Richard Wilbur, 1979
POETRY MISCELLANY: In your poem "A Summer Morning," you have two characters, a gardener and a cook, who view a great house and by their relation to it end up "Possessing what the owners can but own." In "The Undead," the vampires can "prey on life forever" but "not possess it." And your Aspen in "The Aspen and the Stream" desires to "drink creation whole." These and other poems seem to set up a metaphor system that distinguishes ownership as a passive and possession as an active, more imaginative mode of relation to the world. I was wondering how extensive this metaphor is and if it relates to a general conception of poetry.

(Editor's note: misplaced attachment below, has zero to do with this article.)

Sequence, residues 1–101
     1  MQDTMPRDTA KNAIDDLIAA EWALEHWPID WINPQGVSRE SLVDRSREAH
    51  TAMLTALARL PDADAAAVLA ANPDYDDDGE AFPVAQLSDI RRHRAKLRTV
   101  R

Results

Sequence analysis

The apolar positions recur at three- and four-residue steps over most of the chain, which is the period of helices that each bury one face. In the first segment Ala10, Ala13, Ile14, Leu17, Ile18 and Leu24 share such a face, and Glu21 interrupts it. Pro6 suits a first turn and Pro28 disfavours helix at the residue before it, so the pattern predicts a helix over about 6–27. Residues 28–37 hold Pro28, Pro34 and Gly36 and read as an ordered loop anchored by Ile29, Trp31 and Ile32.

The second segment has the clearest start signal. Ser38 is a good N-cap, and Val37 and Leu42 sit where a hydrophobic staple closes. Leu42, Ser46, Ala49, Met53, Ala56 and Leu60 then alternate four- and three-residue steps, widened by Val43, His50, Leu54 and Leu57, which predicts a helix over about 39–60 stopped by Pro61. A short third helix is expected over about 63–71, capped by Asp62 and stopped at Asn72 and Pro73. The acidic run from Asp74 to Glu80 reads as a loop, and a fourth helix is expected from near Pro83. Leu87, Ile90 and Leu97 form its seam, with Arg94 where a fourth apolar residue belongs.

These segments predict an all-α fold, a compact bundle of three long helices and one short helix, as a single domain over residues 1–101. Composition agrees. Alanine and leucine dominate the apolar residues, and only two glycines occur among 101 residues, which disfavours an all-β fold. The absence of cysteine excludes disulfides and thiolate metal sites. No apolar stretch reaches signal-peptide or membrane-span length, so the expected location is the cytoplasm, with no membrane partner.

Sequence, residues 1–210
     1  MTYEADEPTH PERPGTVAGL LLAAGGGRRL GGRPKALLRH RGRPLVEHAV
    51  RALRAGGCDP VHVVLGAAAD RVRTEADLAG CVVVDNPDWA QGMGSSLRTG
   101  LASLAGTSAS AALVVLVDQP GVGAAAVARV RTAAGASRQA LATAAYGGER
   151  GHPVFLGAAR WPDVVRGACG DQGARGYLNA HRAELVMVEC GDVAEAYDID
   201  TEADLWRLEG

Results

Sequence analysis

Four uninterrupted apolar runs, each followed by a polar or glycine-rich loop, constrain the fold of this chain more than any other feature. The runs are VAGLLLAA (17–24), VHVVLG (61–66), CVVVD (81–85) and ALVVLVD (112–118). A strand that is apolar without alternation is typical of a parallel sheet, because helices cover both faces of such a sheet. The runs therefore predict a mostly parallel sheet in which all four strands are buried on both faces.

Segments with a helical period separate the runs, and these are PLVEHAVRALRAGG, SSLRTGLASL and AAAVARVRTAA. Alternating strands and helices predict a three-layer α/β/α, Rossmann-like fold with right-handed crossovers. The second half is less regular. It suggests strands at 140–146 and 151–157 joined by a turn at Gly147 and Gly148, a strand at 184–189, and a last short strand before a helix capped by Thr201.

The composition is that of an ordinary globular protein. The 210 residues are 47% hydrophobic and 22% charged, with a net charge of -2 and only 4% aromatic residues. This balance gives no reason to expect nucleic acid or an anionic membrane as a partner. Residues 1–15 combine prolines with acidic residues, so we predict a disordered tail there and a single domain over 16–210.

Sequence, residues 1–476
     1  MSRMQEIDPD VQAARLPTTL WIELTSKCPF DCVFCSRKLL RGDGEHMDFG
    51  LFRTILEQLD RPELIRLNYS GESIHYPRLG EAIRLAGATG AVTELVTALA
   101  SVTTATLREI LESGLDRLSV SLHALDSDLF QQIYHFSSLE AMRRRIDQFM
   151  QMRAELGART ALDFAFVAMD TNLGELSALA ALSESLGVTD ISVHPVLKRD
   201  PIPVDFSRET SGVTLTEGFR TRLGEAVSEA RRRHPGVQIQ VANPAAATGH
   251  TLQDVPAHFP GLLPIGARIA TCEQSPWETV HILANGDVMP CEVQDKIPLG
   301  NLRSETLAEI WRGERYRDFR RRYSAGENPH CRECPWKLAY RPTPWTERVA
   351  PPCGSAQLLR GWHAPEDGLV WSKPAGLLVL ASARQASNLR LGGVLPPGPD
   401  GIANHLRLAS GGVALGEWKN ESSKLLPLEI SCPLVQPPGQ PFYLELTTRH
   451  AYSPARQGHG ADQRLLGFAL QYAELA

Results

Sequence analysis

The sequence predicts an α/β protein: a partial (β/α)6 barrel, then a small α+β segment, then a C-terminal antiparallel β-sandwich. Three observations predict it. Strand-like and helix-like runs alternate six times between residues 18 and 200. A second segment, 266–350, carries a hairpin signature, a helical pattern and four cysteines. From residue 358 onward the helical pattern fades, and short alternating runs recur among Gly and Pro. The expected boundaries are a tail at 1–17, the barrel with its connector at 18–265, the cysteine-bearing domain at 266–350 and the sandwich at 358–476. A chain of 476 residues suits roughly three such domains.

RICHARD WILBUR: I think you are seeing something that I have not really noticed before. I guess that I do think in my poems about possessing the world or being possessed by it. My poor mind reader, in the poem by that title, is being possessed by the world. His mind, as the original of the poem said, is like a common latrine, and his real dream is an escape from consciousness. I have one other speaker in my poems who dreams of an escape from consciousness, and that is the Stream in my poem "The Aspen and the Stream" to which you referred. He achieves a true self when he blocks awareness out. The Aspen that you mentioned has a contrary way of being itself, and that involves an embrace of as much of the world as he can embrace in his own way. Now, I think one job poetry has to do today is to combat the neutrality of so much of our environment. Poetry can let us know more, specifically, about the world that surrounds us. The poet can